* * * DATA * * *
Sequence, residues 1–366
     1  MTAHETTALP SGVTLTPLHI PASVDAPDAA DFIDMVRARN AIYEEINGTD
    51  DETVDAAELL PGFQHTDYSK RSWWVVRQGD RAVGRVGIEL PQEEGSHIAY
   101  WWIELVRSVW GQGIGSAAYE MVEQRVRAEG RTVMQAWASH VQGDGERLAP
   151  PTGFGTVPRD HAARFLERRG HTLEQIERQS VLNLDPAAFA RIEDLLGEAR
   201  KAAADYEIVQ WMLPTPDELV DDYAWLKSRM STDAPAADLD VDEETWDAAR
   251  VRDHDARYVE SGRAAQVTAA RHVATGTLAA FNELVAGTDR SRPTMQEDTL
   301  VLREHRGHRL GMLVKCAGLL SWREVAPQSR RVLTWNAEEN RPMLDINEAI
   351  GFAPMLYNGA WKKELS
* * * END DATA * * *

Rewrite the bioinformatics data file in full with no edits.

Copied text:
Sequence, residues 1–366
     1  MTAHETTALP SGVTLTPLHI PASVDAPDAA DFIDMVRARN AIYEEINGTD
    51  DETVDAAELL PGFQHTDYSK RSWWVVRQGD RAVGRVGIEL PQEEGSHIAY
   101  WWIELVRSVW GQGIGSAAYE MVEQRVRAEG RTVMQAWASH VQGDGERLAP
   151  PTGFGTVPRD HAARFLERRG HTLEQIERQS VLNLDPAAFA RIEDLLGEAR
   201  KAAADYEIVQ WMLPTPDELV DDYAWLKSRM STDAPAADLD VDEETWDAAR
   251  VRDHDARYVE SGRAAQVTAA RHVATGTLAA FNELVAGTDR SRPTMQEDTL
   301  VLREHRGHRL GMLVKCAGLL SWREVAPQSR RVLTWNAEEN RPMLDINEAI
   351  GFAPMLYNGA WKKELS